The book “Health and Health Care 2010: The Forecast, The Challenge” by Roy Amara et al. provides detailed analysis of trends that will affect health care policies and practices by 2010. In particular, the authors have made an excellent effort to forecast stability and volatility of health care in the USA. The authors cover the following topics: health care forecast, demographic trends, health care demands, health insurance, children’s health, medical and information technologies, diversity and the workforce.
Managers and staff members will find the chapters about information and medical technologies of particular interest. Nevertheless, the issue of ablation is paid too little attention. The authors argue that the primary purpose of the book is to make readers aware of critical factors that affect health care system in the beginning of the 21st century. When speaking about demographic trends and burden of disease, they claim that American population will be more ethnically diverse and older. Thus, such situation will be very likely to result in increased number of chronic diseases.
One more important problem is that health care costs have increased meaning that less people can afford highly-qualified medical support. The authors predict growth of Medicare and Medicaid by 2010 due to changes in health care insurance systems. They say that “during the 1990’s, the managed care became the dominant health care insurance and delivery system, covering more than 60 percent of publicly and privately insured lives”. (p. XX) Managed care plays is argued to play important role in controlling national expenditures on health care, and people are provided with coordinated health care.
Nevertheless, managed care is highly criticized by physicians, the media and consumers, but the government decided to make managed care an effective mechanism of controlling costs and delivering health care. The way the health care system is organized is swiftly changing, and surplus of hospital beds will contribute to consumer’s market. However, intermediaries will be entailed with a new role. The authors mention that the negative moment is that little changes were provided in the way the physicians practice medicine. Even the invention of the telephone, the computer and Internet didn’t significantly change medical practices.
Of course, exceptions are present. It is physicians who are the central figures in health care, but surplus of doctors and new roles of health care providers are very likely to shift that paradigm over the next decades. New medical and information technologies are of particular interest for managers and staff members, and they are claimed to be the key driving force in organization of the health care system in the beginning of the 21st century. The problem is that health care industry is the last in implementing information technologies that would increase quality and effectiveness of health care delivery.
The authors write that “beginning in the19th century, medicine has made great strides in verifying the germ theory, creating aseptic surgical techniques, discovering antibiotics, developing anesthesia, and imaging the inside of the body”. (p. 111) Of course, the impact of such innovations is undeniable and huge as physicians gained an excellent opportunity to improve public health, to extend the life span, and to improve the quality of life. Moreover, the quality of health care delivering was heightened as well.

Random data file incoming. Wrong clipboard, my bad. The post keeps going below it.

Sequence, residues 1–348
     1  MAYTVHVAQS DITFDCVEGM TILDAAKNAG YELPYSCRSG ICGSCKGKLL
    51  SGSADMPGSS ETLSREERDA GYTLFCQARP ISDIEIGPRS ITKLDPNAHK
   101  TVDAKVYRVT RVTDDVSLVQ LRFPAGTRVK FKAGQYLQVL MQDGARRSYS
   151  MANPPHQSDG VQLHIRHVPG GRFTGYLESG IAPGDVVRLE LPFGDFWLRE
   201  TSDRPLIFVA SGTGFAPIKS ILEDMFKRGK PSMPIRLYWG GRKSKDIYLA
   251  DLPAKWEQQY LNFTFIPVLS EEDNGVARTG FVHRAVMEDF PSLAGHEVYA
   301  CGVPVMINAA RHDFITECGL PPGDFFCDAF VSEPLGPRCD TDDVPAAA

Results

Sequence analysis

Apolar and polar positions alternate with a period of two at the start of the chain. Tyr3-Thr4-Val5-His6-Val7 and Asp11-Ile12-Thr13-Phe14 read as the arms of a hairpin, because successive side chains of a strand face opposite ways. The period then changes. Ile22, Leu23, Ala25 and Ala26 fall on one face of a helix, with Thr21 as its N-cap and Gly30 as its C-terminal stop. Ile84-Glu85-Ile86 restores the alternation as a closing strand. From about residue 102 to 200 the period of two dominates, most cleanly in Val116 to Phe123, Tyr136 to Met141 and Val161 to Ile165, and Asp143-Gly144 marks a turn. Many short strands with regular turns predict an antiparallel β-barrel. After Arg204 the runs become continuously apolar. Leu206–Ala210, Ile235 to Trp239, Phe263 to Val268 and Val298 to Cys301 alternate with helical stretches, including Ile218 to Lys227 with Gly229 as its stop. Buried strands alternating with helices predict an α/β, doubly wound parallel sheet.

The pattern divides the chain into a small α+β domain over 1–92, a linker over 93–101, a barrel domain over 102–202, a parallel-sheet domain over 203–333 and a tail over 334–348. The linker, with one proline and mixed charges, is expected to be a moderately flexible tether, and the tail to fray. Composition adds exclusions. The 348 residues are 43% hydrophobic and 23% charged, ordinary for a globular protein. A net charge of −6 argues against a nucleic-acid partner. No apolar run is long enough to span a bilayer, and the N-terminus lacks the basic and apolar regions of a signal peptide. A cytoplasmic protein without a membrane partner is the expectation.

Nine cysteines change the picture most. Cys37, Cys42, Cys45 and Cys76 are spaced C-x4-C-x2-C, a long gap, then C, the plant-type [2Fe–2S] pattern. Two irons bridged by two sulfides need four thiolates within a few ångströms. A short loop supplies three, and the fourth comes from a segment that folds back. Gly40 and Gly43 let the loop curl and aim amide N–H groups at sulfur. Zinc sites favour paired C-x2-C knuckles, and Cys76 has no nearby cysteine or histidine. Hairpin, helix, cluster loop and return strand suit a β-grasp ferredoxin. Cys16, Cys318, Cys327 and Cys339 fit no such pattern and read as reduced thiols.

Nine medical technologies are argued to significantly affect the outcomes of patient care and health care delivering: rational drug design, advances in imaging, minimally invasive surgery, genetic mapping, genetic testing, gene therapy, artificial blood, effective vaccines, implementation of stem cells and xenotransplantation. Stem cells “can generate all other types of cells in the body and therefore hold great promise for replacing or repairing tissues and organs damaged by disease”. (p. 131) Researches of stem cells are nowadays one of the most interesting, the most promising and contradictive area of discussions and medical researches.
Many researchers agree that development of the new method would open new doors before medicine. Some scientists say that creating of new human embryo must be prohibited, because it s morally unacceptable and religiously unethical. The authors continue that medical management is implemented sporadically nowadays. In particular, medical management is defined as an active management of the care of the population. Today, medical management fully depends on information systems that are used for monitoring and tracking medical processes and outcomes.
Disease management programs positively impact medical practices and patient management. When speaking about public health, the authors admit that “over the past 30 years the public health system has operated under pressures of resource scarcity, limits in leadership, and organizational fragmentation”. (p. 9) Public health system is safety-net medical provider, and economic problems make its performance hardly bearable. Over the next decades global forces will the context in which public health systems will be very likely to operate.
The authors conclude that global economies increase health risks and, therefore, public health system should be embedded in the context of global threats and opportunities. Cost-effective technologies should be developed for enhancing surveillance, screening and environmental health. Finally, public health strategies should aim at employing ecological strategies as ecology is human and structural determinant of health behavior. Managed care will remain dominant in health care insurance. References Amara, R. et al. (2003). Health and Health Care 2010: The Forecast, The Challenge (2nd ed. ). Princeton, NJ: Jossey-Bass.
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